May 17, 2017

On Gardening

I have always found a connection between growing a garden and raising my family. It may be that only a gardener would understand. It seems to me that taking care of the garden requires a love of gardening and a certain instinct for what the flowers and plants really need.

My husband and I share a garden so it sometimes becomes a tug of war. For many years he was sure that I was watering too much and was giving the plants too much food. I was positive that he let plants get stressed and hungry before he would give them what they needed.

In spite of our different views our garden did grow. Somewhere between the different philosophies was the perfect plan. In the end it seems we share a brain and it goes very smoothly now.
Auntie and Brayden
Family many years ago when
every grandchild was a baby!

We have raised a family and now have grandchildren and a great grandchild. It could that what we learned and took into our hearts during that time is why our garden grows with great gusto now. Like my children, the garden blooms and produces things that make us proud.

I like that.

So how does your garden grow?

b+

7 comments:

  1. I've only been a gardener for five years, and I simply love what it gives me, especially those dirty fingernails that remind me how nice it is to play in the dirt! Oh, and the food. :-)

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    1. I am sorry you started so late DJan. I still have flowers that have followed me for all of my life. When I see one that reminds me of my childhood or my mother/father, I buy it or ask the owner if I can have a start. Just walking in our small garden gives me such pleasure...it seems we wish the blooms to life!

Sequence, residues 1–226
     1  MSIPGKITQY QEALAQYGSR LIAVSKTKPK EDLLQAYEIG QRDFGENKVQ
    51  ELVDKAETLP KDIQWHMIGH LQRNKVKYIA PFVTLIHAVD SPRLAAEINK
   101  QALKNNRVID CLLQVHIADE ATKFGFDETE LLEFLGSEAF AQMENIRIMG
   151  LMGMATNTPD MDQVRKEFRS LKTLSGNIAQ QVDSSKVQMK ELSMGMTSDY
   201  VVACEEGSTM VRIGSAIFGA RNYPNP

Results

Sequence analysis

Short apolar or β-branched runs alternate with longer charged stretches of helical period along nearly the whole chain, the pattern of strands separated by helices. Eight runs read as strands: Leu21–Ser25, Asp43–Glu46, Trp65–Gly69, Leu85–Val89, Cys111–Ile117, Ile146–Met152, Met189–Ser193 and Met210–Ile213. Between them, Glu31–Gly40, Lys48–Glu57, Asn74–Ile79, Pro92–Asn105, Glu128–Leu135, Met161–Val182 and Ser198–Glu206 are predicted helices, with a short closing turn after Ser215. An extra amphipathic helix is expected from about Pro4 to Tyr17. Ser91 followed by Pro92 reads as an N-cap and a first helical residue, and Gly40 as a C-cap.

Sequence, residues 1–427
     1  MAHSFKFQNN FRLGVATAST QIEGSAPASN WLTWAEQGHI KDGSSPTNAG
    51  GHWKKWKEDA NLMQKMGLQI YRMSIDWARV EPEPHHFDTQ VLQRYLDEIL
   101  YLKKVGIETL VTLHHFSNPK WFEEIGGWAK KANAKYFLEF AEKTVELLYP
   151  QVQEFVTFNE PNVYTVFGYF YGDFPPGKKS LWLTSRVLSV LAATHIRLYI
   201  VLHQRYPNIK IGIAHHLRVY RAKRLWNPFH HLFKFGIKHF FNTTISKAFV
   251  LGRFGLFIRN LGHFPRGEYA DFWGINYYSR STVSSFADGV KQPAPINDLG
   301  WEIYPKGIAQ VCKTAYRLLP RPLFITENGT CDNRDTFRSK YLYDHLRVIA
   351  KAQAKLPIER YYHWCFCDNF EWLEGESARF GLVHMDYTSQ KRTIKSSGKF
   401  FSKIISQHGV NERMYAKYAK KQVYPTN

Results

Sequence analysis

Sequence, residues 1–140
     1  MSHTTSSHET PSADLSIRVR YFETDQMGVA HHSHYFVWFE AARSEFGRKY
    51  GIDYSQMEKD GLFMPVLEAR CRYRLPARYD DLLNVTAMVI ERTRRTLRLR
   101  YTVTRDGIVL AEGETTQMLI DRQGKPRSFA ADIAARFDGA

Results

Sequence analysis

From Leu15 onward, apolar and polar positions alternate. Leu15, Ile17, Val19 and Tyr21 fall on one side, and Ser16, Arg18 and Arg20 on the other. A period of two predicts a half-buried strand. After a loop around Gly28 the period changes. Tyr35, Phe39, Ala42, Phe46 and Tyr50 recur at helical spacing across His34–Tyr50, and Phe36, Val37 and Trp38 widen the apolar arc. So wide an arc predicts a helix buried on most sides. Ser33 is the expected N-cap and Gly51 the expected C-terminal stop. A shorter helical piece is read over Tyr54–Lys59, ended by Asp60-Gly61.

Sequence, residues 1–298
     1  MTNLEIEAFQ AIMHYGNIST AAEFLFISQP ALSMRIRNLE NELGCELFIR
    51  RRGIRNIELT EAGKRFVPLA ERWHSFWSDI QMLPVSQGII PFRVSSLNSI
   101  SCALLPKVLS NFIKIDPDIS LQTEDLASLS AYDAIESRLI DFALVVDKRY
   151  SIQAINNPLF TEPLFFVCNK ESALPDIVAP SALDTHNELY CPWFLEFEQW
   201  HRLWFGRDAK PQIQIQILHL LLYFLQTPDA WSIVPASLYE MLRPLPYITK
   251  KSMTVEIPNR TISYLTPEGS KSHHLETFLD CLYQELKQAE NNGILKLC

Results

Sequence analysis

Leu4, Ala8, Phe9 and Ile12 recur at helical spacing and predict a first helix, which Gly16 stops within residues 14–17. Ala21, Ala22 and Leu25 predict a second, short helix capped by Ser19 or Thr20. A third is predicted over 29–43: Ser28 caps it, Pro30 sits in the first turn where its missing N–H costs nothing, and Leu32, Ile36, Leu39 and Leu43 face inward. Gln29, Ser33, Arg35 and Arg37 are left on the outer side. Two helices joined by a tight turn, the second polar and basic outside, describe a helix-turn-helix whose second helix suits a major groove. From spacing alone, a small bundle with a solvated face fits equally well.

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  2. I've had out of town company, so I'm just now catching up on your blog. Great series of posts--very uplifting. My mother was a wonderful gardener. After I retired, I thought I would do more in the garden, but I soon realized that what I really enjoy is sitting in the garden reading--ha!

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    1. I have to confess that there is a lot of sitting and reading in this garden of ours. I like that a lot.

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  3. A small choice of fast growing vegetables will delight. Children's interests will wane as chop-chop as they began, so, be ready to soak up the plot into the garden. or else, give them with long flowering plants, like Vegetates, which can fill the house over an extended amount.

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  4. I am a retired gardener of public places who always kept kids in mind when I trimmed junipers into turtles and Italian cypress into candlesticks and corkscrews. Your connection with gardening and families motivates many of us --not least whoever named the 1st year of school "Kindergarten".

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